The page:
There has been uncertainty as to the position in relation to a bankrupt’s defined contribution (DC) pension benefits for some time, but the Court of Appeal (CA) has now clarified the matter. It has confirmed that where a bankrupt has a right to draw on his personal pension but has chosen not to
exercise that right, he cannot be forced to do so; as a result, the bankrupt’s undrawn pension benefits remain protected through the course of the bankruptcy.
Where a bankrupt receives an income during his/her bankruptcy, it is possible for this to be claimed via an ‘income payments order’ (IPO), requiring part or all of the sums to be paid into the bankruptcy estate. The High Court has considered this provision in the context of undrawn
DC pension benefits twice recently, in Horton v Henry, and in Raithatha v Williamson. In both cases the bankrupt had DC pension benefits that they
were entitled to draw but had chosen not to. The trustee in bankruptcy claimed that the bankrupt should be compelled to draw their benefits so that they could be made subject to an IPO.
In Horton v Henry the High Court held in favour of the bankrupt, but in Raithatha it held that undrawn pension could be subject to an IPO, creating uncertainty about the position.
However, Horton v Henry went to appeal and the CA has now confirmed that the provisions relating to a bankrupt’s ‘income’ in the Insolvency Act 1986 (IA) cannot be interpreted to extend to a bankrupt’s contractual right to drawn down his pension, either in the form of a lump sum or as income payments. Upholding the High Court’s decision, the CA questioned how a court could exercise a power to force a bankrupt to draw their pension, given questions about the form and nature of the drawdown.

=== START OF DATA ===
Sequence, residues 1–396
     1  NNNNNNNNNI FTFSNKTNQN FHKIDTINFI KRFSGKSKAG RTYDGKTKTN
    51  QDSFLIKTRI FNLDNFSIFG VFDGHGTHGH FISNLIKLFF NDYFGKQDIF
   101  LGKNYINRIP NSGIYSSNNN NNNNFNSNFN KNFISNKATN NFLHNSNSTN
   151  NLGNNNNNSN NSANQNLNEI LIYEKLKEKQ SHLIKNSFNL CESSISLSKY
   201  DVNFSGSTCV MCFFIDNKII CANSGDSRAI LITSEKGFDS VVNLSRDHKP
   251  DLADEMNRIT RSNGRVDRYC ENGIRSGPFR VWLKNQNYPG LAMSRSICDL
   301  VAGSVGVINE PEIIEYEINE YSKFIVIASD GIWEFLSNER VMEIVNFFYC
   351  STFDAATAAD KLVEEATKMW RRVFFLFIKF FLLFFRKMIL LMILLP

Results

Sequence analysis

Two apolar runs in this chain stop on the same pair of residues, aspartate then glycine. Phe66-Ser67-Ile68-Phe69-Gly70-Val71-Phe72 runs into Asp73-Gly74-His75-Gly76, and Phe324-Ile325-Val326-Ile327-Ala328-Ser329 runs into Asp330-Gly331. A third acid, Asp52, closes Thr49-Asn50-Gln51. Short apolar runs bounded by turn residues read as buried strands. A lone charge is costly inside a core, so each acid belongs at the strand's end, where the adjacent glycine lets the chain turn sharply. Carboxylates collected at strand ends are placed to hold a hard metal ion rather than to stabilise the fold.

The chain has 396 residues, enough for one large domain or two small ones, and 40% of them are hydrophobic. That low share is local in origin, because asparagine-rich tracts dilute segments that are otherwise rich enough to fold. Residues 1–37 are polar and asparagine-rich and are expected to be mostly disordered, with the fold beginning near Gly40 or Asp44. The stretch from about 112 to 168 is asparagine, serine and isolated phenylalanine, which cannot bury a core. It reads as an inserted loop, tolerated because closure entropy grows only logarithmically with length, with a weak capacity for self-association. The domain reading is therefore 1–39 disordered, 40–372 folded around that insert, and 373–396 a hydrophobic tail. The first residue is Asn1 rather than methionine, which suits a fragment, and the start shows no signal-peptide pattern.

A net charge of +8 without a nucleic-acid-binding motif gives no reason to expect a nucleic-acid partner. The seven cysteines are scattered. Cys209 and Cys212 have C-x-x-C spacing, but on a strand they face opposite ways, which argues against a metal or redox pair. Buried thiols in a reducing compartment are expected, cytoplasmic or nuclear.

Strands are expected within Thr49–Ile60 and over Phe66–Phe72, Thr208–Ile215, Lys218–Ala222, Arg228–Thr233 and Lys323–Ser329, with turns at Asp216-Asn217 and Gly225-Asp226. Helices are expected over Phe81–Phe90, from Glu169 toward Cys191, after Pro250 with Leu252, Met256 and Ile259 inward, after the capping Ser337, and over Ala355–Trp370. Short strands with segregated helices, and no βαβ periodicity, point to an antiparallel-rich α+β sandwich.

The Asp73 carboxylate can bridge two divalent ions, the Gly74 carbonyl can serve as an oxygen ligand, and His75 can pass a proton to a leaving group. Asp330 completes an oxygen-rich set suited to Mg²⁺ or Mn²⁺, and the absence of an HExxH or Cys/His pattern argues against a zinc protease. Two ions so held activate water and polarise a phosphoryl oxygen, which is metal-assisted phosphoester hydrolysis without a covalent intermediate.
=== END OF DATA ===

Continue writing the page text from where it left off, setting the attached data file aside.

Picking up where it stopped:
The CA addressed the contrary High Court decision in Raithatha and firmly rejected it, finding that the judge in that case had failed to appreciate the effects of the changes brought about by the Welfare Reform and Pensions Act 1999 (WRPA). The WRPA specifically ensured the protection of pension assets during bankruptcy by providing that they do not vest in the trustee in bankruptcy. It also amended the IA to allow an IPO to be made during bankruptcy where the bankrupt is in receipt of pension payments, but as set out above, the CA did not consider that this provision could be interpreted as extending to include undrawn pension.
This decision provides welcome clarity on the protection of undrawn DC pension benefits during bankruptcy proceedings. This is of particular importance given the new DC freedoms which now allow a member to draw the whole of their pension at once as a lump sum (subject to tax) from their normal minimum pension age.